Saturday, December 21, 2013

The Gift Everyone Really Wants for Christmas~ 4 steps to lasting forgiveness

You spend all week cooking, all the paycheck shopping. All your best stuff strung in lights and garlands throughout your house.

They come and you hope.

But then hurtful words and hard looks and echoes of long-ago wounds hang like icicles over the turkey and the presents and the pie.

Nothing ever seems to change.
Ever wonder why that is? Why the holidays carry so many expectations, then dump so many disappointments?

Maybe it's because even while we hope for magic, we hold onto pain. Maybe it's because it's just not true that time heals all things.

Maybe it's because it's often easier to give than to forgive.

Meanwhile, time only hardens the wound, or numbs us to really caring. But it's always there, under the forced smiles and behind the fleeting frowns.

The pain someone else caused--even a long time ago--has a way of pushing its way into other relationships. It pushes out in shouted words, or layers on in extra weight on our bodies, or chases us down in impossible expectations on ourselves or pokes out in distrust of friends who truly love us.
That parent who left you? Our pain—when left to itself—kills our relationship with our friends, our spouses, our own kids.
That horrible thing you did to your spouse or your parent or your child or your friend? When we try to justify it away. When we try to shove it down. When we beat ourselves up again and again. Refusing to say we’re sorry. Refusing to see our wrong. Refusing to let ourselves be forgiven. We die more and more each day. And drag others into the grave.

But when we have no control over the circumstances. When people just won’t change. When the painful past chases us into the miserable present and the bleak future, forgiveness is the answer.

Forgiveness changes us. At the very least, it releases our heart from hate, from blame, from prison. And often, it changes others too. Certainly the ones closest to us who have had to live with our bitterness. But also, it just might change the one who did the wrong.

It's one of those funny things where we have more power when we lay down our rights. That right to blame and build walls and withhold ourselves.

Wrong things—the ones others commit against us and the ones we do to others—have a way of defining us. We become labels like the Abused, the Abandoned, the Children of Divorce, the Adulterer, the Drug Addict, the Rape Victim, the Pornographer, the Gossip. Everything that happens after is filtered through the wrong.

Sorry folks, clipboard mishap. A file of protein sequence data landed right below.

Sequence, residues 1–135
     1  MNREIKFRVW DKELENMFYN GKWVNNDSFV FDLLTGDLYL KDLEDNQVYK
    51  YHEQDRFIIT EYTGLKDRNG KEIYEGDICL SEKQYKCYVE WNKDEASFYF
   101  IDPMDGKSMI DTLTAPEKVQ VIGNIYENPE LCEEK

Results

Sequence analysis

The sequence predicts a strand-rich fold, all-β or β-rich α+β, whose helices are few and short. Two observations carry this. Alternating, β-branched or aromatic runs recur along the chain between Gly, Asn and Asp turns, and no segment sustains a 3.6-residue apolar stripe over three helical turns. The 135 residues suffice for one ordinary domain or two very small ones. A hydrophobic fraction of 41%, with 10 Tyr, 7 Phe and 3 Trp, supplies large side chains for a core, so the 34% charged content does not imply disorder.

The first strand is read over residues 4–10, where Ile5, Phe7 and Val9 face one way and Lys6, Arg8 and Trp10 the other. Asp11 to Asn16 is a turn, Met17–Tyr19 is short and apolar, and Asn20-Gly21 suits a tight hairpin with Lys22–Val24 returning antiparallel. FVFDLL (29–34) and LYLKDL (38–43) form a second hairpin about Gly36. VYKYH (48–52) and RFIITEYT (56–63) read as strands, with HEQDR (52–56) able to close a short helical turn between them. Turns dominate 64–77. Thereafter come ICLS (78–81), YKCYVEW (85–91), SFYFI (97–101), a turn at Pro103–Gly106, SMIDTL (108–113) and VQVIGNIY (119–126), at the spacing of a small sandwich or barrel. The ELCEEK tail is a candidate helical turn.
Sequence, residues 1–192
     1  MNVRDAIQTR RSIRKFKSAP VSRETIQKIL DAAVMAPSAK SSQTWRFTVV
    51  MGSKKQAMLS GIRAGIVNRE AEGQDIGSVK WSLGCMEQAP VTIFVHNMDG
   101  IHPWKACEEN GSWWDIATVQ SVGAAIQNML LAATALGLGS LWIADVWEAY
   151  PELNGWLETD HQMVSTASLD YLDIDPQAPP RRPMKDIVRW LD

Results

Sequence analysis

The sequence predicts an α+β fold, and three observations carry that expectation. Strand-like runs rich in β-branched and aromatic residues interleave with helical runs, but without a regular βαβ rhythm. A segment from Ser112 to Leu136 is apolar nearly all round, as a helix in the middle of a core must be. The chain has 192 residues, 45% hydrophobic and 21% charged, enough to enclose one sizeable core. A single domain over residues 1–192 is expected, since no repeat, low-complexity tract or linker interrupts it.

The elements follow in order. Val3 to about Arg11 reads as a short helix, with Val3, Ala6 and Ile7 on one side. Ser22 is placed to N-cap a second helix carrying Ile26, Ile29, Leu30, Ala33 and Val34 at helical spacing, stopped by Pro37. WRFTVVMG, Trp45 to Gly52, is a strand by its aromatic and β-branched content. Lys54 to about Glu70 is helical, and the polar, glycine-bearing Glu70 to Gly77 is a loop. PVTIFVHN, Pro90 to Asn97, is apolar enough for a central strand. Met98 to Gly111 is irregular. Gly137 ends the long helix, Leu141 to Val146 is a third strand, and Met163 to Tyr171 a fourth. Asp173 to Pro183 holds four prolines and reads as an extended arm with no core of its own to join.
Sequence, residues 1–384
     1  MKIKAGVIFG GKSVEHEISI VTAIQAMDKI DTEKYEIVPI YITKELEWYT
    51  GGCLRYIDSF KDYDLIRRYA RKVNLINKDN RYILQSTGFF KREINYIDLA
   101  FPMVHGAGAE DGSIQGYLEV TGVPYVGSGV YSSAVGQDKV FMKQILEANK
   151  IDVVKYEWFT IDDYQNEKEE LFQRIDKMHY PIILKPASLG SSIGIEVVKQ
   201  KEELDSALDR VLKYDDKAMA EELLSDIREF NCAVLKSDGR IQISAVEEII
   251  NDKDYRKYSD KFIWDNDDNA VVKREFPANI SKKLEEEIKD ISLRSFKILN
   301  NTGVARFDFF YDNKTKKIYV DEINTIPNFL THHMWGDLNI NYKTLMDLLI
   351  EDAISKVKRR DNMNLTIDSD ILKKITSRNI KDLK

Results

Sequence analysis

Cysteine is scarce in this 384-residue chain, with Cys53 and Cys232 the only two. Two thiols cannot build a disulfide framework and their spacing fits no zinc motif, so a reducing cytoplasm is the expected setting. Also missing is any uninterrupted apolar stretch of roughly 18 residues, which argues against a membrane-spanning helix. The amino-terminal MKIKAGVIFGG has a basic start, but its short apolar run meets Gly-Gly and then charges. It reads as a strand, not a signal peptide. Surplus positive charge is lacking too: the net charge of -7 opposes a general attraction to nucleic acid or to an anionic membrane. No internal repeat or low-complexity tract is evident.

Women who were hurt decide to never trust another man. A child whose parents divorced decide never to get married, never to have kids. The man who prayed to God as a child for the abuse to stop and it didn’t becomes the atheist who plans never to believe in good things again.

But when we forgive or accept forgiveness, we claim new defining moments. We become the One who had the strength to let go of the wrongs. We become the Victors instead of the victims. We become the Forgiven instead of the abuser. We can claim hope instead of sitting in despair.

Forgiving allows us to sprint forward instead of trudging along with the past caked like mud on our feet.

So, here are some ideas on helping us to forgive or accept forgiveness.

1.   Make a list.
a.       Of the people who have wronged you, who you haven’t yet forgiven, and list their wrongs.
b.      Of the people you have wronged, of the offenses you committed.

     2.    Write a letter or take a forgiveness walk.
In private, write a letter to the person or take a walk and say out loud as if speaking to the person about the things they did.
Lay it all out. The hurt you’ve felt, the consequences of their action.
Or write a letter or say out loud the things you did wrong. A confession, with no justifications, no explanations. 

    3.       If appropriate, communicate to the person that you’re releasing them of the wrong they  committed against you or that you are sorry for the wrong you’ve committed against them. 
(Give it some good thought if your communication to them of the specifics will actually help them and your relationship with them. In some cases, this could cause more pain to actually tell them about it.) 
 Even if you don’t tell them about forgiving them or about your confession, look for ways to communicate, through actions, that your relationship with them is new.
No more anger. No more excuses. No more blame.  No more self-hatred.
A fresh start, as far as it depends on you. 
(If there has been abuse and there is potential for more abuse, please consider simply praying for the person and don't actually choose to interact with the abuser.)

    4.    Forgive again.
         When the hurt returns in your heart (which it may do, even after forgiveness is given), then take the time to forgive again, release again, recommit to forgiveness.
    Then stop bringing it up to them, to others, and to yourself.


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